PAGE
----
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This article in SSSAJ

  1. Vol. 67 No. 2, p. 414-424
     
    Received: May 24, 2002
    Published: Mar, 2003


    * Corresponding author(s): pcastiglione@ussl.ars.usda.gov
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doi:10.2136/sssaj2003.4140

The Effect of Ohmic Cable Losses on Time-Domain Reflectometry Measurements of Electrical Conductivity

  1. P. Castiglione * and
  2. P. J. Shouse
  1. George E. Brown Jr. Salinity Laboratory USDA-ARS, 450 W. Big Springs Rd., Riverside, CA 92507

Abstract

In time domain reflectometry (TDR), the ohmic resistance of the sample medium is related to the amplitude of the reflected signal at long time, once all the multiple reflections have taken place and steady state is achieved. Such a relationship, which permits measuring the sample electrical conductivity, is exact when no signal dissipation occurs other than in the sample. To account for signal attenuation along the coaxial cable, sample and cable are generally modeled as two resistors in series. In this work we review the fundamentals of the transmission line theory and demonstrate, both theoretically and experimentally, that such a formulation is incorrect. We propose a new simple procedure for the analysis of TDR signals based on a difference reflection method, by scaling the reflection coefficients with respect to one or more standards of known conductivity. The procedure was tested on 16 CaCl2 solutions, using two different TDR probes and two cable lengths. The experimental results are in excellent agreement with the theory.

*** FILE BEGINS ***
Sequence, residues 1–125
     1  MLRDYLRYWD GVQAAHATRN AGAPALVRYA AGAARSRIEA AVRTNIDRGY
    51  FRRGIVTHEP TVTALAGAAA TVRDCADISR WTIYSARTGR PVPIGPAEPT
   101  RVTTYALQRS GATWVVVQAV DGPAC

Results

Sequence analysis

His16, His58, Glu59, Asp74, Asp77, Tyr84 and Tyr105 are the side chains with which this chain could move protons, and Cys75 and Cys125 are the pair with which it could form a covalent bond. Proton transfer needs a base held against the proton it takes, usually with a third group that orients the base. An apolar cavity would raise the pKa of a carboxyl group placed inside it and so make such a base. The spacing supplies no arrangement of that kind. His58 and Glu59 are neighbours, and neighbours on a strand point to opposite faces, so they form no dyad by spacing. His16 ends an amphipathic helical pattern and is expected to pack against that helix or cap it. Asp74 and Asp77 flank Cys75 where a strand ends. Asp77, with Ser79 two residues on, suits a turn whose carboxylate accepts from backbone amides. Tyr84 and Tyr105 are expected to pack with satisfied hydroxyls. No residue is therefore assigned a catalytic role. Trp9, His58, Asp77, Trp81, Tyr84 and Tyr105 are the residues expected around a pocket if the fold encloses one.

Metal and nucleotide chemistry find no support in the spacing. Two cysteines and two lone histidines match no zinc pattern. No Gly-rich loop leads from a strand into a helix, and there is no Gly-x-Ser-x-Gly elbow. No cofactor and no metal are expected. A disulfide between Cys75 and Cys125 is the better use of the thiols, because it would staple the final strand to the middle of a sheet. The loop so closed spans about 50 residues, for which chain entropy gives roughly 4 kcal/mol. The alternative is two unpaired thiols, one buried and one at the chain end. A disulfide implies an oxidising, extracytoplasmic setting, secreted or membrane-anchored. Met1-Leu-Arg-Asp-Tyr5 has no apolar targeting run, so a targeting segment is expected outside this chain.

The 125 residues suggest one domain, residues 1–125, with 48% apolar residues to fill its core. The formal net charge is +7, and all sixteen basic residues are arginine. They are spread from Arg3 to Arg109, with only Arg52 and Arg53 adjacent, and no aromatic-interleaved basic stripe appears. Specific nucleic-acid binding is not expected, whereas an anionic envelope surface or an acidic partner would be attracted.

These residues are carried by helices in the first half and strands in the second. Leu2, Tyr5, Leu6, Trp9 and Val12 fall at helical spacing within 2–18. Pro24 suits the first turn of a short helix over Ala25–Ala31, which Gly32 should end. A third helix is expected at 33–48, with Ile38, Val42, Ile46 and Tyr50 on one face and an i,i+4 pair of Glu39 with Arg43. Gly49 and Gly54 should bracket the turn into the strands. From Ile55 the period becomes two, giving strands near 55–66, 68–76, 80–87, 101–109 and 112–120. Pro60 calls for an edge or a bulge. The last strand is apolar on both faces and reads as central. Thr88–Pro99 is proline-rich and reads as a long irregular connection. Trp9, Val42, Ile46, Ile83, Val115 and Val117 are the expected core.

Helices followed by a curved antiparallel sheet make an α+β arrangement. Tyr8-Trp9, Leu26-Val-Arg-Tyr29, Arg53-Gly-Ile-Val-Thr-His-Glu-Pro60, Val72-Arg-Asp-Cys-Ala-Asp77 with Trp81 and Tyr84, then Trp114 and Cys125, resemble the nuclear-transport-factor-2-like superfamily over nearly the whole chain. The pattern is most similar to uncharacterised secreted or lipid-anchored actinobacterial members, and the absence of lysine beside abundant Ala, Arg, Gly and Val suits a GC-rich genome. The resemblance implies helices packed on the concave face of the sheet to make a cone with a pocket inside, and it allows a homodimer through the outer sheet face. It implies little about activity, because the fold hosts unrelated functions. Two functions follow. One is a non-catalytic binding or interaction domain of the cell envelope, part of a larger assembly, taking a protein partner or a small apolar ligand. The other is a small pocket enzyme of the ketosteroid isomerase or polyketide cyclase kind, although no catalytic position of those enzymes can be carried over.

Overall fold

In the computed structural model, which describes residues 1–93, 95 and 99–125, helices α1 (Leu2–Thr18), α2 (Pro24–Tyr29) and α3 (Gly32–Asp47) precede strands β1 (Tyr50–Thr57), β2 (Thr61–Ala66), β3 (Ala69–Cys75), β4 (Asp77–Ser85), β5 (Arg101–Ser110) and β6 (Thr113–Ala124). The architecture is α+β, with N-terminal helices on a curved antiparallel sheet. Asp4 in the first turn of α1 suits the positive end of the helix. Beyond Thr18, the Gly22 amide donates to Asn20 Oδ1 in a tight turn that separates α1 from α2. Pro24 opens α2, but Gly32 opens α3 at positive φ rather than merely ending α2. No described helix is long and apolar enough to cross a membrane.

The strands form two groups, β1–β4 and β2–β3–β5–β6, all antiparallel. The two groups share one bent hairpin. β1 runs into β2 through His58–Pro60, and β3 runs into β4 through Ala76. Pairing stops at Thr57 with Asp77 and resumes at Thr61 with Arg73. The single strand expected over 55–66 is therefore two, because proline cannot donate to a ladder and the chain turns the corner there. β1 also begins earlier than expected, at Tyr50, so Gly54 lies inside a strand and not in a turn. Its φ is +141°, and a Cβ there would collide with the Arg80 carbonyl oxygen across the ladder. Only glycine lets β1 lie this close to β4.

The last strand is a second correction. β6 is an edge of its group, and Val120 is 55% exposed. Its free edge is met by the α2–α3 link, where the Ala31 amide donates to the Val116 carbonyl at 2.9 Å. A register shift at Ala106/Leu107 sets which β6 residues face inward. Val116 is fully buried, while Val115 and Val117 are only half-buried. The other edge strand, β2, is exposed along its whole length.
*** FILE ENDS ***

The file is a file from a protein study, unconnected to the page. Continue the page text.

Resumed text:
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Copyright © 2003. Soil Science SocietyPublished in Soil Sci. Soc. Am. J.67:414–424.

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